CtW drew on that research in a February 2010 letter that it wrote to Prime's landlord, Medical Properties Trust, a healthcare real estate investment trust based in Birmingham, Ala. That letter also was copied to HHS' inspector general's office. The research also formed the basis of a more formal report that SEIU-UHW West published in October 2010, Weisberg said (See chart).
“We're raising these numbers. Anybody can check these numbers,” Weisberg said. “Somebody's got to get to the bottom of it.”
Weisberg said he did not participate in the research conducted for CtW on Community, but added that he used to lead the team of analysts who produced it.
Per Olstad, financial initiatives manager for CtW, said he knows the group's motivation is going to be dismissed by some as mere “union animus” toward employers, but he added that copying the inspector general's office was not an attempt to be antagonistic. “When you have research that rises to this level of concern, I don't know why you wouldn't communicate that to regulators as well as the company,” Olstad said. “If there is a ready explanation for the concerns, then the explanation will satisfy the regulators as well.”
Medical Properties Trust has responded to one request by CtW, in that MPT now makes disclosures regarding the compliance of the facilities it owns in California with seismic-safety laws, Olstad said.
If Community does not respond to CtW's call for a board investigating committee, CtW is likely to make a direct communication to fellow shareholders urging them to vote against some directors seeking re-election to the board, Olstad said. These include two directors who are members of the audit committee, as well as Larry Cash, executive vice president and chief financial officer, Olstad said. Community's annual shareholders' meeting is scheduled for May 17 in New York.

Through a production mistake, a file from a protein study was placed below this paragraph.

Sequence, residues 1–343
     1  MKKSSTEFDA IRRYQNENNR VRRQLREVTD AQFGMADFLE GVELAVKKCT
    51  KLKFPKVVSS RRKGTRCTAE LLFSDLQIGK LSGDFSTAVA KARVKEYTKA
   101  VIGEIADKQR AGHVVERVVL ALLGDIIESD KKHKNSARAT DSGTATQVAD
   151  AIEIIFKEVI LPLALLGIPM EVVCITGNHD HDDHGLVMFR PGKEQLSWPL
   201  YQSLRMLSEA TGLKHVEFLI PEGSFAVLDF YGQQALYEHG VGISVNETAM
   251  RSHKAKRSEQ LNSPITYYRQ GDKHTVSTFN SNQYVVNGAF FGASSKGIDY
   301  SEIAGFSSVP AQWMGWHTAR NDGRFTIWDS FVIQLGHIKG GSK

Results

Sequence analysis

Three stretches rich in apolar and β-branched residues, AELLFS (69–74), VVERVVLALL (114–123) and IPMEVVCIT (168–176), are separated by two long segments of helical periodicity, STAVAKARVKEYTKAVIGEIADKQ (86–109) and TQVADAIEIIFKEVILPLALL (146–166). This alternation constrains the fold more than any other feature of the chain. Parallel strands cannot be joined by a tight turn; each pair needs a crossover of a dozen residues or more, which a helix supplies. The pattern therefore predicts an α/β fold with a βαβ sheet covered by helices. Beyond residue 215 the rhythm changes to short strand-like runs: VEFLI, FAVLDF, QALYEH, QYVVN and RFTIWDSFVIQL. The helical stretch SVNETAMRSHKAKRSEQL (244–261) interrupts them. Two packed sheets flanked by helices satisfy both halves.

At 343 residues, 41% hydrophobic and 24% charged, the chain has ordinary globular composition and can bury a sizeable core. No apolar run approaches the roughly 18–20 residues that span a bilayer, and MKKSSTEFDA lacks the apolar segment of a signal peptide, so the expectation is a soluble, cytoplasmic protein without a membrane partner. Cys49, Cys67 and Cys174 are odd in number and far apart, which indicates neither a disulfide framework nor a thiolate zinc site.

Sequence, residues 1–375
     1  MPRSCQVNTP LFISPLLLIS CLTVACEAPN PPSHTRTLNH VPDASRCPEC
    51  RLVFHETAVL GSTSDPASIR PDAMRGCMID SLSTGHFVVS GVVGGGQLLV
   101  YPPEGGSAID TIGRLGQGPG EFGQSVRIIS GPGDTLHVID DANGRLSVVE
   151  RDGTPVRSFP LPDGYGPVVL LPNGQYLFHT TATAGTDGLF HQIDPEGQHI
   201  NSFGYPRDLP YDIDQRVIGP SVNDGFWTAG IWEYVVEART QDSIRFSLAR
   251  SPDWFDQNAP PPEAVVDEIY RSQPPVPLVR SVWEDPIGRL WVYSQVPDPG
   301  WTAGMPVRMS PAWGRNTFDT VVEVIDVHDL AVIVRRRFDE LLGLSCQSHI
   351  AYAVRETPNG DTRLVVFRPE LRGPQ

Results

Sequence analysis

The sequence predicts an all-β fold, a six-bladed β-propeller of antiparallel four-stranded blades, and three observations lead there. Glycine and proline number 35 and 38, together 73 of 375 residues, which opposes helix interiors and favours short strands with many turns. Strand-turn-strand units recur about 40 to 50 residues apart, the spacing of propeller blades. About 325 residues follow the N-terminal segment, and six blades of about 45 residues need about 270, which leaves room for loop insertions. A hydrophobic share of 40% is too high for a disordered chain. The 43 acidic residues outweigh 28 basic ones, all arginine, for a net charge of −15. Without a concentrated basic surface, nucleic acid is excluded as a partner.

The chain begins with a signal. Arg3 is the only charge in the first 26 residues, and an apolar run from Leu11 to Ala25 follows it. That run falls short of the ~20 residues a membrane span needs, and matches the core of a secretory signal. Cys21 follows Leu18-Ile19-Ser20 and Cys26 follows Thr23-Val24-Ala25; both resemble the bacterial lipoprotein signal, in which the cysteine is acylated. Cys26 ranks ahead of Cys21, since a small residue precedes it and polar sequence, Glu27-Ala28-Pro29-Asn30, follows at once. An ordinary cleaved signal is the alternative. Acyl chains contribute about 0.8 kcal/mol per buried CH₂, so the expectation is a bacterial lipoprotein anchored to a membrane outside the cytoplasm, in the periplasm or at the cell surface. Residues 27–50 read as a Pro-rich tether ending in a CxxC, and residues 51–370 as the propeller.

Community declined an interview request for this story. Prime, however, continued its denunciation of the union-backed reports. The company published a lengthy critique of the septicemia charges in October and then further detailed what it describes as extortion by the union in a news release in December. In an interview last week, Lex Reddy, Prime's CEO and brother-in-law of its chairman, Dr. Prem Reddy, repeated those charges: “It is nothing but extortion. We have stood by that.”
Prime insists that the high rates of septicemia are not driven by hospital-acquired infections but based on its patient population presenting with symptoms of sepsis on admission to the emergency room. Prime hospitals exhibit higher rates of septicemia on presentment because of its business model, said Mike Sarrao, vice president and general counsel. The company does not contract with many managed-care plans, so its Medicare admissions are mostly through the emergency room, and many of those patients come from skilled-nursing facilities, where septicemia rates are higher than among the Medicare population as a whole, Prime contends.
Weisberg argues that his studies have controlled for these variables and still found many Prime hospitals with septicemia rates far above average. “It's just their claim,” he said. “If the bills are due to upcoding, then the statement that they are community-acquired is worth no more than the claim itself.”
Matt Austin, director of the annual hospital survey conducted by the Leapfrog Group, said the use of clinical statistics in these commercial disputes and the bickering over their meaning has not caused any of the hospitals that participate in the survey to waiver in their commitment to transparency. Purchasers still value the data, and it does not make the murky waters of health information any worse for consumers, Austin said. “Not to be flippant,” he said, “but I think they were muddied already.”
Sometimes there are limitations to the data that stymie efforts to draw significant conclusions no matter what the motivation of the researcher, Austin said. “You can take any data point and use it to serve the purpose that you're trying to serve,” he said. “As a collective whole, we have to be careful about using data and make sure that we're not drawing interpretations that are improper.”